destruction of all that is sinful. Yet Isaiah “saw the Lord.” How can this be? It can only be said that Isaiah did not see God directly, but somehow veiling His majesty. Nevertheless, Isaiah feared for his life and confessed his sin.
You know the difference between “sacrifice” and “sacrament.” A sacrifice is something we give to God, something to appease His wrath and gain His blessing and favor. A sacrament is something that God does and gives to us. At Isaiah’s confession God immediately gave Isaiah a sacrament: a burning coal touching his lips with the word of absolution, “Behold, this has touched your lips; your guilt is taken away; and your sin atoned for.” Then His divine Call, the voice of the Lord saying, “Whom shall I send, and who will go for us?” And Isaiah’s response, “Here am I! Send me.”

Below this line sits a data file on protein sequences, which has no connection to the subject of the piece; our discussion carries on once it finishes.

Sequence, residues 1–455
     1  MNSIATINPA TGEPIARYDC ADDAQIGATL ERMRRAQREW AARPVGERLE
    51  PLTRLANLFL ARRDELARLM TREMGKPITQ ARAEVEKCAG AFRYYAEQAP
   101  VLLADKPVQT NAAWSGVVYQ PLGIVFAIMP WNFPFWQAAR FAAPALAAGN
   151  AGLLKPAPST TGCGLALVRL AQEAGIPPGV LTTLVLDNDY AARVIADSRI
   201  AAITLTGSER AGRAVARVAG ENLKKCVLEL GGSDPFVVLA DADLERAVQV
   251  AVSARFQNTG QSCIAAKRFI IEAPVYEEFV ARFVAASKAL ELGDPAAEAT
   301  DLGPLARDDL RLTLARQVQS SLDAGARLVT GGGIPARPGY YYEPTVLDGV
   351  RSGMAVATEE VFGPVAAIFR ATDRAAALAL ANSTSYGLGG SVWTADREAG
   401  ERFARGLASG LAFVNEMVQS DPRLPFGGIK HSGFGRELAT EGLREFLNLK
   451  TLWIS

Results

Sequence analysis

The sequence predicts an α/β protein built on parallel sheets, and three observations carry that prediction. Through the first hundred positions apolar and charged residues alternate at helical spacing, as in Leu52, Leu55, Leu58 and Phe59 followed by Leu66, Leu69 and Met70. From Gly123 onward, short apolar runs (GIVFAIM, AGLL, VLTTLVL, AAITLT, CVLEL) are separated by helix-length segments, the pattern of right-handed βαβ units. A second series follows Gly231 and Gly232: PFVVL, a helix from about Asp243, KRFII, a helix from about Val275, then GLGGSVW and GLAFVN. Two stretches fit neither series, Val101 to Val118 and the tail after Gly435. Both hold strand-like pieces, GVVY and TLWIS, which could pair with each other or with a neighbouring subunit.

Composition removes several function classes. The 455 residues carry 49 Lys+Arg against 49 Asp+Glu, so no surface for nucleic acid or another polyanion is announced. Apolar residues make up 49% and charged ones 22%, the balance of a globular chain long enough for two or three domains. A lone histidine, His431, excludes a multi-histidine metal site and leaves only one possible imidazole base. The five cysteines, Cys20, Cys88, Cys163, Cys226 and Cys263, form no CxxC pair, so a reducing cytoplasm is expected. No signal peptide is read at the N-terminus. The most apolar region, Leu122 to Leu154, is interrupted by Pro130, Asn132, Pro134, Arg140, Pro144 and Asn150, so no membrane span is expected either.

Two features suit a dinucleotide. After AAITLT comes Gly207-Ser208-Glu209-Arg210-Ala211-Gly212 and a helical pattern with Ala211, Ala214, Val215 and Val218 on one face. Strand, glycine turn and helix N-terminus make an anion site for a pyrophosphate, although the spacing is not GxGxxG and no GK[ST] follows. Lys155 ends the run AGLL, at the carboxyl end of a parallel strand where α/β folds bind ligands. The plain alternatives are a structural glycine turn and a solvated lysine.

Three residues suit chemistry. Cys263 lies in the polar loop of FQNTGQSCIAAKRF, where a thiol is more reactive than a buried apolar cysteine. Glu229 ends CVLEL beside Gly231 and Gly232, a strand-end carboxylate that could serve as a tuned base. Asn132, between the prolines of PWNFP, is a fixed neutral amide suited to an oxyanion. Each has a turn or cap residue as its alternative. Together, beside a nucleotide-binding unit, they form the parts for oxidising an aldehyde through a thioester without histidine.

Notice the parallel with the apostle Peter in today’s Gospel. Up to this point Simon as he was called had listened to Jesus’ preaching. He was a “hearer,” actually a technical word describing a catechumen, one who is being called and formed to be a Christian. Isaiah was in the temple where God located Himself for His people’s benefit. Now, however, we have learned that God is relocating Himself from the stones of the temple to the flesh of Jesus. Stepping into Simon’s boat Jesus asked him to take Him out so that more people could hear Him. After this Jesus directed Simon to “put out into the deep and let down your nets for a catch.” Simon began to object but gave the preacher the benefit of the doubt and said, “at your word I will let down the nets.” After the great and surprising catch of fish, suddenly Simon Peter, like Isaiah before him, realized just who was standing there in the boat with him, and he fell down at Jesus’ knees, saying, “Woe is me! Depart from me, for I am a sinful man, O Lord.” At such a repentant confession of sin, the Lord responded sacramentally, speaking the word of absolution, “Do not be afraid,” and issuing the divine Call, “from now on you will be catching men.” Before this the fishermen heard Jesus’ preaching but remained in their trade as fishermen. That Simon, and James and John with him, realized this was a life-changing Call to a whole new vocation is noted by the fact that, for the first (and last) time, “they left everything and followed” Jesus…full time, forevermore.